Management expressed cautiousness in M&A due to the high cost of capital – in spite of the company being underleveraged, it might not be so trivial to raise debt capital in the current environment. On the flip side, I am of the view that this higher interest rate environment is forcing operators across the board to focus on cost rationalization and driving profitability. These efforts arguably should have been done far earlier, but late is better than never.
Is IIPR Stock A Buy, Sell, or Hold?
The battleground for IIPR stock is clear. On the one hand, we have the nagging fear that the legal US cannabis business model is not viable. On the other hand cannabis remains one of the most promising long term growth stories as more and more states legalize the plant for adult use.
The pricing pressure over the last few years may have made many investors think of cannabis as just a commoditized product, but I have differing views. First, the current demand environment is arguably artificially low given that a negative stigma will likely remain until cannabis is fully decriminalized both on a federal and state level. Anecdotally, even in my home state of California, where cannabis has been legalized for adult-use for nearly a decade, cannabis still is often seen as not being too dissimilar from hard drugs like cocaine. There is great irony in the fact that alcohol is generally accepted as a cultural norm in spite of being over 100x more dangerous in terms of mortality risk than cannabis. Personally I have been positively impacted by the medicinal benefits of the plant, which range from helping insomnia, anxiety, and chronic pain.
Second, the uncertain political state of the plant has allowed the illicit market to operate more or less uninhibited. There has been some reluctance to crack down on illicit operations as there are some conflicting messages sent with regards to social equity efforts, but the way things stand today, illicit operators are able to undercut legal operators on pricing due to not being subject to the same onerous 280e taxes. Regarding that last point, 280e taxes prevent cannabis operators from deducting operating expenses from the calculation of taxable operating income, leading many operators to have such high tax rates that they may be paying income tax even if they have an operating loss. While we are subject to the timeline of our politicians, I expect these issues to be eventually resolved at the regulatory level, meaning that the current financial struggles faced at many of its tenants is not forever.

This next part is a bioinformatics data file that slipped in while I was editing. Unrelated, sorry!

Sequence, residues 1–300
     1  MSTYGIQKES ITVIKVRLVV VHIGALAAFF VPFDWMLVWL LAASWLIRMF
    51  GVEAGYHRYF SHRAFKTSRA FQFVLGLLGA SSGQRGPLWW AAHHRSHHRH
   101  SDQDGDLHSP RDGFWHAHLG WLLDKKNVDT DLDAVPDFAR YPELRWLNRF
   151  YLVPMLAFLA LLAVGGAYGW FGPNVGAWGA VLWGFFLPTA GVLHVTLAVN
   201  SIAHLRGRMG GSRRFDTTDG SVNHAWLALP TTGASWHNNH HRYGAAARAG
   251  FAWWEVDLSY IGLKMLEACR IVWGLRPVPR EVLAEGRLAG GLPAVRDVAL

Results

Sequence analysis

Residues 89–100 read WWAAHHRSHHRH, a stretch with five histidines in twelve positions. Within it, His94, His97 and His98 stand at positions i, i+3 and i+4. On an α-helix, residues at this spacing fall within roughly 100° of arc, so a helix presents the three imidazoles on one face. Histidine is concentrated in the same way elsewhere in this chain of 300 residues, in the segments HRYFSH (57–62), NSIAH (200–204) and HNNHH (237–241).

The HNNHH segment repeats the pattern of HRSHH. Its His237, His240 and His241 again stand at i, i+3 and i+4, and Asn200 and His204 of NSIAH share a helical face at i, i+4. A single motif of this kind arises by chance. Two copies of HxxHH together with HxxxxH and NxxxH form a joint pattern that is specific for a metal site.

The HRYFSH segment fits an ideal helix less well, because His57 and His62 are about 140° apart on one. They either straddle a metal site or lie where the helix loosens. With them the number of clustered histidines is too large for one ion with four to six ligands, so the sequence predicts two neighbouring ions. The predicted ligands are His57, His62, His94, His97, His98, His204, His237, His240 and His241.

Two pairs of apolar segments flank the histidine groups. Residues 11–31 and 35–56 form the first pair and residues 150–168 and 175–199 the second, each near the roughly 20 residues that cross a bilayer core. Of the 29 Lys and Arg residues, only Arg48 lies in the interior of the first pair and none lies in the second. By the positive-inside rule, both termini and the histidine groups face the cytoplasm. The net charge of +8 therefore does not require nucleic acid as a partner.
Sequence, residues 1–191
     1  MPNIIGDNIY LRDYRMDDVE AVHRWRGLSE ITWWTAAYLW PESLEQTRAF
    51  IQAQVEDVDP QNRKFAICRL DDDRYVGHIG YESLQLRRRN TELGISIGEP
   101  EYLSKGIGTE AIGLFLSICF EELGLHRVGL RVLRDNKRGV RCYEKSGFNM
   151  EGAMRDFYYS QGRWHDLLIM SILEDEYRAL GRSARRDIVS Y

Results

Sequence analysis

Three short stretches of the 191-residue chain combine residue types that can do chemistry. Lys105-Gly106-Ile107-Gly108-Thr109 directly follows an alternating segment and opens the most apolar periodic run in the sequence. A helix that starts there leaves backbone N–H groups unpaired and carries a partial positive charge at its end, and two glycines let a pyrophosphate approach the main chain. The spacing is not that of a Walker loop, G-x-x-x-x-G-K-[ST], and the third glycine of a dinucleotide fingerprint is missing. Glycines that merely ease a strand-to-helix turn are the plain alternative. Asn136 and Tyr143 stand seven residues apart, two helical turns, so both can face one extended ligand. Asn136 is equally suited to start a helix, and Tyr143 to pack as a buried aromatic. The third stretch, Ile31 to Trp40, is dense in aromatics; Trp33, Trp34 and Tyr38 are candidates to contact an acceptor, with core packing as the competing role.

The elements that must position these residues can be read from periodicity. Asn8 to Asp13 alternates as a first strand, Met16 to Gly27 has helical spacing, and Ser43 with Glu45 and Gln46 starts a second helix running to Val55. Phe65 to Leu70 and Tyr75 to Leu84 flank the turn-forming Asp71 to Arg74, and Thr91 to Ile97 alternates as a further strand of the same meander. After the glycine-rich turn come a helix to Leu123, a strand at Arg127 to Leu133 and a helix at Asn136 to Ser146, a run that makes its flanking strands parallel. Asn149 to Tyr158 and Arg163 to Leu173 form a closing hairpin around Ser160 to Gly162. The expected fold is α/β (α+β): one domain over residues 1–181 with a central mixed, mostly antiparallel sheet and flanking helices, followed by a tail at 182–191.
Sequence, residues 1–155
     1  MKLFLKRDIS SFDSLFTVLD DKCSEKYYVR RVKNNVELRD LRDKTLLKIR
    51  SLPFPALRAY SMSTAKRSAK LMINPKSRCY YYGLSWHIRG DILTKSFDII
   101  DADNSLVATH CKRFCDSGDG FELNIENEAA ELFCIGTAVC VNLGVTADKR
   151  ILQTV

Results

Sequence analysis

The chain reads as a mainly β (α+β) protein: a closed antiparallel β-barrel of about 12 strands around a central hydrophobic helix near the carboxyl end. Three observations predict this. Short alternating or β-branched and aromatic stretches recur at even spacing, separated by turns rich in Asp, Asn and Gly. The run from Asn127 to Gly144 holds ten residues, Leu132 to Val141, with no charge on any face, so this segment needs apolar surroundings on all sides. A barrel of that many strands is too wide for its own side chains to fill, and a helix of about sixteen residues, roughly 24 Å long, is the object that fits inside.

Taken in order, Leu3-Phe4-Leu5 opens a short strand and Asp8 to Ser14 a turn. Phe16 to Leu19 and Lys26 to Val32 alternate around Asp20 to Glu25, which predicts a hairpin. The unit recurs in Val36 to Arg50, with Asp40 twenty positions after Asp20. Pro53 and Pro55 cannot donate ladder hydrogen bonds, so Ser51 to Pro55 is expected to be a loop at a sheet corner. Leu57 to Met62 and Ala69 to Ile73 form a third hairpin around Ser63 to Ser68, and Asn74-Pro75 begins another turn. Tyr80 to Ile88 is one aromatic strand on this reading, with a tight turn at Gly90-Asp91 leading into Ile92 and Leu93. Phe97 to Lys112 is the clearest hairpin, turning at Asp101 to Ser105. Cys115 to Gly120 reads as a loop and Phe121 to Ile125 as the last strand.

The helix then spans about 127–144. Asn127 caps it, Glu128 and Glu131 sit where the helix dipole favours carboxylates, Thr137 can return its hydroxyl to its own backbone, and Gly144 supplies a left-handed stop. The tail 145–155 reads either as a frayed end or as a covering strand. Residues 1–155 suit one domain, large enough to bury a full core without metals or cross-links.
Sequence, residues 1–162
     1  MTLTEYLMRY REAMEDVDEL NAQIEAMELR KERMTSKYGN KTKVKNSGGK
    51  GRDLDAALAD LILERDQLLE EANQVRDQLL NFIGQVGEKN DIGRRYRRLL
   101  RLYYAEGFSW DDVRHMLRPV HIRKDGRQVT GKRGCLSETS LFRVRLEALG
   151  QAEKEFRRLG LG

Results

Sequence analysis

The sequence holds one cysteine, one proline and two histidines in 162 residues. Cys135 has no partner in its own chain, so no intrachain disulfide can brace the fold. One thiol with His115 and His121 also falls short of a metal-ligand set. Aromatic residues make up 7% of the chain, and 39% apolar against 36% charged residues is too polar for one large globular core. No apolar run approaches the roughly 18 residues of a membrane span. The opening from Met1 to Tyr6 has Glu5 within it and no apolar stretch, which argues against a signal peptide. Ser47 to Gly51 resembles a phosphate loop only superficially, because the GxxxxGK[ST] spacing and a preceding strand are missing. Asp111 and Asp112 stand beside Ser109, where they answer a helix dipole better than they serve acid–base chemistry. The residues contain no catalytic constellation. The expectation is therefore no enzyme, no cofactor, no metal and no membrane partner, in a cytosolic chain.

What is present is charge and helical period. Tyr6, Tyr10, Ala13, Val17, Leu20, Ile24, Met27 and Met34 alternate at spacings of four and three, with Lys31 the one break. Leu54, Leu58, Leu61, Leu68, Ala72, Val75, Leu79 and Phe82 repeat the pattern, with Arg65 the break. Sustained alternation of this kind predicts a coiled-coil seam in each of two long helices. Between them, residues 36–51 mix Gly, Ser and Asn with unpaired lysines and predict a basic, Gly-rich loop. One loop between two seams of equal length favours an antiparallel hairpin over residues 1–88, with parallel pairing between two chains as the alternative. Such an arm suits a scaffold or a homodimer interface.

In the meantime, IIPR continues to trade near its lowest valuations since coming public over five years ago.
Consensus estimates have IIPR showing minimal earnings growth over the coming years. Perhaps the idea is that the ongoing 3% annual lease escalators might be offset by ongoing tenant troubles.
I am of the view that IIPR deserves to trade at a premium or at least in-line with NNN REIT peers, which trade at around 12x to 14x FFO and at 5% to 6% dividend yields. That implies around 25% potential upside just to trade in-line with traditional net lease peers, but the stronger long term growth rate arguably demands a sizable premium.
What are the key risks? Sometimes investors cite regulatory reform as being a risk, but at these valuations it is a tailwind. Perhaps if IIPR were trading above $200 per share, a valuation which can only be justified by continued over-earning on external acquisitions, then I might consider potential regulatory efforts like the passage of SAFE banking or decriminalization of the plant as being risks. But with the stock trading at near a double-digit yield, reducing cap rates of acquisitions from 13% to 8% isn’t thesis breaking whatsoever. IIPR’s leases have long lease terms and will continue to have the elevated 3% annual lease escalators even following any regulatory reform. That means that IIPR could still grow at a faster pace than NNN REIT peers even following the leveling of the playing field. Any regulatory reform would likely bolster the credit profiles of its tenants, helping to address what appears to be the main source of the undervaluation today. Thus regulatory reform is the most direct catalyst to sparking upside in IIPR stock, at least from current valuations today.
The real risk is thus continued pressures to margins in the sector. Recent results from the top operators have shown some signs of stabilization, but cash flow generation remains difficult under the current regulatory environment. Even though I expect IIPR to continue generating enough cash flow to justify valuations, the uncertainty overhang may persist. It is worth noting that IIPR could see its revenues decline by 37% overall and the stock would still be trading at around 12x FFO. A lot of pessimism is being priced in here, and I am doubtful that we will come remotely close to any apocalyptic scenarios. It is worth noting that the company’s unsecured bond maturing in 2026 offers a yield to maturities above 10% and may be an attractive alternative to certain investors. Jeremy LaKosh covered those bonds here. I reiterate my strong buy rating for IIPR stock as the high dividend yield is not giving enough credit to the long term growth profile of this business.